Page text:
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Dutch language is a language from the Germanic branch of the Indo-European languages. The dialects of this language, which has two basic dialects, Hollandic and Flemish, have minor differences in the written language. Dutch and its dialects are spoken as an official language in the Netherlands, Belgium, Suriname and the Republic of South Africa. The dialect spoken in Belgium is called Flemish, and the other spoken in the Netherlands is called Hollandic. In Belgium, Flemish is spoken mostly in the Flemish region in the north while Dutch is close to Plattdeutsch and Frisian languages.

Dutch speakers can quickly recognize that the Dutch interlocutor is a Flemish due to the differences in their accent, some of the words they use, and the way they say it. As each region has its own way of speaking, it can be easily understood from which region, city or even the village they are from.

This is because the communities in this region are highly interconnected, strict, and dense although Dutch is spoken in a very small geographical area. Thus, the language can indicate a widely hetergenenous spread within the region where it is spoken, regardless of official boundaries. According to official resources, it has been determined that 26 different Dutch languages, which can be defined as dialects, are spoken only within the Flemish region.

Countries where Dutch is spoken as an official language are Aruba, Belgium, Curaçao, the Netherlands, Sint Maarten, Suriname, and Benelux. Also, international communities where Dutch is accepted as an official language are the European Union, UNASUR, and the Caribbean Community. It can be said that approximately 24 million people speak Dutch as an official language around the world.

Dialect Differences of the Dutch

General Dutch can be comparable with modern Turkish, which is spoken independently from the inter-regional dialects and accents in Turkey. Although each region speaks in its own dialect and accent, a standardized common official language is always used in education, press, media, radio, TV, writing and state affairs. However, the people of the region consider their local accents and dialects as a very precious cultural value, and sustain and protect them in this respect. Therefore, each region publishes newspapers and magazines in its own dialects. Local radio stations and TV channels broadcast in their own dialects in the region.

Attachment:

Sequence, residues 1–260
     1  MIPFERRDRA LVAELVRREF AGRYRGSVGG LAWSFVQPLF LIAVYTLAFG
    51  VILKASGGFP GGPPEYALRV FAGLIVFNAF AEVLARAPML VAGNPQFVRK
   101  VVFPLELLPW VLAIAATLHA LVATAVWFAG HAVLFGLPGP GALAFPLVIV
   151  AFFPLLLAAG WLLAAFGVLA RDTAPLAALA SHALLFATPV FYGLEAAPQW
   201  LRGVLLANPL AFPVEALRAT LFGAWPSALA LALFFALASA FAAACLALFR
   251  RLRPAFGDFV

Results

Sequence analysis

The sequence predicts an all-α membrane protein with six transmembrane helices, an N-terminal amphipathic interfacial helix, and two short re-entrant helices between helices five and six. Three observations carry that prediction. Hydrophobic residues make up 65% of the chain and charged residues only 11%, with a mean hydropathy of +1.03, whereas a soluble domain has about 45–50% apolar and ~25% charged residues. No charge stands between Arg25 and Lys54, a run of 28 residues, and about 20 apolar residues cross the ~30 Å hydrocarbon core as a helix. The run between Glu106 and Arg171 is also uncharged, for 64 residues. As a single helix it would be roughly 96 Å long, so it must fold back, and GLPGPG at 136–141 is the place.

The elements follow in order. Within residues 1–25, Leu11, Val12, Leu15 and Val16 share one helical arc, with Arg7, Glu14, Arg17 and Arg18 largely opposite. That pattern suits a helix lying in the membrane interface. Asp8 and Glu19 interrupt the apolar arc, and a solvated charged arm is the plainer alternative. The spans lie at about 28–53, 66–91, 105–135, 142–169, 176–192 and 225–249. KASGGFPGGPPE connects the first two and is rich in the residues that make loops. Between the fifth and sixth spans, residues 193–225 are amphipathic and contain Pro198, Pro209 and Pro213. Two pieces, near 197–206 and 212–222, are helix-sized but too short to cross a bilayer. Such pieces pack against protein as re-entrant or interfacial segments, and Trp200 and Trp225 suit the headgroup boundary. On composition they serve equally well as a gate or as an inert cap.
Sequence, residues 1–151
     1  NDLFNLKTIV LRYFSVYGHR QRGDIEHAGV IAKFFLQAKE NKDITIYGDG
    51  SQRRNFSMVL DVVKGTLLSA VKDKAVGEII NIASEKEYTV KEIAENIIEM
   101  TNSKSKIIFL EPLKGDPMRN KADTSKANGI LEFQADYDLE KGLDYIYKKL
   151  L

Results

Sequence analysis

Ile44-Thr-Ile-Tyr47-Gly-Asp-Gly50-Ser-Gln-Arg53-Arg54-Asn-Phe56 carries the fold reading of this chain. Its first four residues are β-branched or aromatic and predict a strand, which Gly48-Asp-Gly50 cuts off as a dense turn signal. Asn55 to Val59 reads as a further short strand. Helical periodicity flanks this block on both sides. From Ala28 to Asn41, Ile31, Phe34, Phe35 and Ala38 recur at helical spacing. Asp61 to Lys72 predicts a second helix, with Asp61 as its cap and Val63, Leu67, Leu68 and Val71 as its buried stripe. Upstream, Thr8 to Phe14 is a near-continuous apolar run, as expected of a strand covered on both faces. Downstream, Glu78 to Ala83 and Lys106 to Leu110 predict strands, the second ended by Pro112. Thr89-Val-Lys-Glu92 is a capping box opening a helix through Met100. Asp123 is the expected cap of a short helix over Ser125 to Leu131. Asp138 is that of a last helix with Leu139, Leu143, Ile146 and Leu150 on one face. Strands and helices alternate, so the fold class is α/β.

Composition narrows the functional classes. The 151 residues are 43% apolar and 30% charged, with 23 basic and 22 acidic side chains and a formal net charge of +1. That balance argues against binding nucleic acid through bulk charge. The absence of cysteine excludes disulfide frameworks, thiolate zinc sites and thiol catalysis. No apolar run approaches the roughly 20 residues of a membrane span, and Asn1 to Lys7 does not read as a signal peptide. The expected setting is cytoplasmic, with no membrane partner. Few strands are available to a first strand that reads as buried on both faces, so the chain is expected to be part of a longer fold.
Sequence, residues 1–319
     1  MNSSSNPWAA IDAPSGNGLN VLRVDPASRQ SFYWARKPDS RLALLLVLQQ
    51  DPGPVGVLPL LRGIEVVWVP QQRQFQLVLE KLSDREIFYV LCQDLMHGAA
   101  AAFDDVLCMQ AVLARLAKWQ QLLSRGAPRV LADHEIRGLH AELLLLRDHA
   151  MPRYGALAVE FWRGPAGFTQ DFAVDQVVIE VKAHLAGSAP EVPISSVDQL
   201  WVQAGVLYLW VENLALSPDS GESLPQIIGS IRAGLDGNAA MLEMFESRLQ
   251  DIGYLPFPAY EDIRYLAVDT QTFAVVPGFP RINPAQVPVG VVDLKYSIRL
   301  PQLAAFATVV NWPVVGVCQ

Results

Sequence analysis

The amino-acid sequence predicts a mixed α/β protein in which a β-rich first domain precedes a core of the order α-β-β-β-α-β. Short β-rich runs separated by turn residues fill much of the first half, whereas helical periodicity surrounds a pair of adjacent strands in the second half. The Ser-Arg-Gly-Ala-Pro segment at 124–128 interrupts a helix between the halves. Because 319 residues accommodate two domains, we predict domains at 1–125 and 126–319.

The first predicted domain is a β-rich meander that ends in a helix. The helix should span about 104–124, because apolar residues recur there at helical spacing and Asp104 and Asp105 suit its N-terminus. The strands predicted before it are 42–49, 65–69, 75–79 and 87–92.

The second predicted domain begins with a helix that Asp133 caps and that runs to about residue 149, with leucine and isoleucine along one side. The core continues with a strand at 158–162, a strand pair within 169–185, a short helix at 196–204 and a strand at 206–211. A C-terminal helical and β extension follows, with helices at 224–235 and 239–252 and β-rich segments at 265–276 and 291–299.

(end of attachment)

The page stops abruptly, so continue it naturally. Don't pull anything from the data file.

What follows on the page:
The difference between dialects is so strong that although the distance between Limburg Region, where Limburgish is spoken, and West Flemish Region does not exceed 100 km, speakers of both dialects have great difficulty in understanding each other. In a way, this difficulty in understanding can be compared with Turkish and Azerbaijani. Therefore, state television broadcasts the speeches of the local people mostly with General Dutch subtitles. The same goes for Dutch movies and TV series, which are broadcasted in Belgium, and Flemish films and TV series, which are broadcasted in the Netherlands, and these are generally broadcasted with General Dutch subtitles.

Dutch Translation Service by Mirora

Mirora has been in collaboration for many years with translation companies in the Netherlands and Belgium. Thus, Mirora offers high-quality, fast and reliable translation services in Dutch from and to all languages worldwide with competitive prices, by professional translation teams, especially by using English as a pivot language.

Dutch alphabet includes all letters in the basic Latin alphabet from “A” to “Z”. Letters, which have the diacritical sign, are not included in the alphabet. While the alphabet includes 26 letters, sometimes the diphthong “IJ”, which has the feature of a single letter, increases the number of letters in the alphabet to 27. While this letter is generally not added to the alphabet, it is located between “x” and “y”, for instance in phone books or dictionaries.


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Different dialects and accents of Netherlandic are spoken in  different regions, and this language is more commonly known as Dutch. Contrary to popular belief, Dutch is one of the dialects of Netherlandic other than Flemish.